And with the older kids, Salter can talk to them about her experience with horses too since she started riding at age 6 and now travels with her horse Anthem to compete nationally  everywhere from Florida to Michigan. As someone who knows horses quite well herself, she’s quick to credit them. “These horses truly are called to do this work,” she says of The Red Barn horses. “They are sweet and gentle and know how to take care of these kids. That’s really special to watch.”

It’s not just about the horses either. For those who come to The Red Barn, they have a sense of belonging with their “barn family” too. These kids are who they are, and it doesn’t matter if they have tics or look different. At the barn parents can talk to other parents whose children have a similar diagnosis too.

If you know 16-year-old Erin McInerny, she’s probably told you how awesome The Red Barn is and how she loves everyone there. “The Red Barn is a place where she is accepted for who she is and where she sees other people be successful who are like her, and that’s a really important component when you have autism,” her stepmom Jenny says. “It provides her with an extracurricular she can feel good about, and it’s a safe place where she can feel accepted.”

And like countless others, it’s been a place where Erin has been transformed. “She has matured over the past four years in her self-awareness and mood regulation,” Jenny explains. “Sometimes she makes huge leaps and bounds, and then we fall backwards. It’s cyclical.” Erin hasn’t just participated in lessons either, as she’s also participated in grief programs and job skills training.

In job skills training, participants learn ways to be responsible, problem solve and complete tasks in the correct order. They’re washing buckets, dusting, cleaning, doing laundry and filling water troughs, but along the way they are also honing skills that will help them in a job one day. “There has to be a lot of explanation behind learning how to work in a job environment and understanding the small things a typical employer wouldn’t think to understand,” Jenny says. “(Now Erin) takes more pride in her chores at home, and we get feedback from the instructors so we can apply what she is learning to the home setting and use the same language and reinforce the things that are being taught (in the barn).”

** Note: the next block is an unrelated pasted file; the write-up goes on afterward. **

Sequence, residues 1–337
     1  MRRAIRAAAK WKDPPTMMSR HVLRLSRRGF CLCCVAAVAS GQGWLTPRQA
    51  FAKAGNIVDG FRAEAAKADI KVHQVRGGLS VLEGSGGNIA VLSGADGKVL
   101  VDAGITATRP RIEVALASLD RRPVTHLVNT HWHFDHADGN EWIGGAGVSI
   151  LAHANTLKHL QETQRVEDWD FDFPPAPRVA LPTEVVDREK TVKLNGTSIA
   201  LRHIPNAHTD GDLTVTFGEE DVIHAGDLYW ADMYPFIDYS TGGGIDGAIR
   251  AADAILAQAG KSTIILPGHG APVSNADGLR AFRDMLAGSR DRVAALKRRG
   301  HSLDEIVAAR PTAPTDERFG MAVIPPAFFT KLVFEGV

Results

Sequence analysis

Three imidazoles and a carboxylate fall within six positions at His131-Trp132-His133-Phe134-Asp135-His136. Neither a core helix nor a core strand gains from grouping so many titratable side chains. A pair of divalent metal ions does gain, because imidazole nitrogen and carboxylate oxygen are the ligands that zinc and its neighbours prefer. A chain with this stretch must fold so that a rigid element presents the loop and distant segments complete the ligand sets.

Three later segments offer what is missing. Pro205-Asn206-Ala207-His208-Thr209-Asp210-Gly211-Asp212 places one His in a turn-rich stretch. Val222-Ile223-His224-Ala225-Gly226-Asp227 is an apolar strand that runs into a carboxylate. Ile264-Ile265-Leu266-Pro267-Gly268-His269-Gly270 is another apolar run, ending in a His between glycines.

A Place of Healing

Take a tour of The Red Barn’s properties, and you might be surprised at not just how tidy the facility is but also all the therapy tools they use. In the upper barn you’ll find Beatrice, Harry, Troy, Helen and Elijah—all “phony ponies” or faux horses of varying sizes designed for therapeutic purposes that build stamina for kids and help them get used to the idea of a riding a live horse. Down at the lower barn, though, you’ll find around 18 live horses, brown, black or spotted, who love their jobs just as much as the barn’s human staff.

Everywhere you look on the property is therapeutic in some form or another. For kids with physical disabilities, the movement of the horse under the rider mimics human pelvic movement, and those who struggle to walk are able to strengthen their legs as they steer a horse. It’s not uncommon for children to come to the barn barely able to walk and later to run so fast the adults can’t catch them.

In the occupational therapy realm, grooming a horse and holding the reins teach fine motor skills that are transferrable to kids’ everyday lives. The barn also works with veterans who bring their injuries and anxieties along with their families to the barn to find a peaceful place to connect with horses.

Like any living being, sometimes the horses’ lives come to an end at the barn, which a teaching moment for the participants in their programs. “We want to offer them the opportunity to experience grief in a safe way that allows them to ask questions because we will all experience a death or a loss in our lives,” Joy says. And so they bury the horses on the property and allow the kids to write notes and ask questions, especially as it often brings up their own memories of relatives or friends who have died.

Today Joy can tell you endless stories of the kids who have been to The Red Barn. When she’s in Crestline Village often she’ll see children who she remembers struggling to follow basic directions or walk from their car to the barn alone now walking home from school and chatting with other kids. For Joy there’s much joy in seeing stories like those play out with the horses she spends her days with.

In 2017, though, the barn story became more of her own when her first grandchild was born with spina bifida. And that, she said, shifted her perspective. “Now my own granddaughter can come here and receive the exact same services as a child (we serve), and that’s amazing,” she says. “It was after she began riding (our horses) that she began crawling, and now she’s walking on a walker.” Perhaps her face is one of the ones Ms. Cowart saw all those years ago, transformed through a barn, The Red Barn.


Support The Red Barn

The Barn welcomes cash, stock or in-kind donations and has forms setup on theredbarn.org to do so.

No horse experience is necessary, and volunteers are needed for riding lessons, camps, chores, supply drives and more. Find more information on theredbarn.org.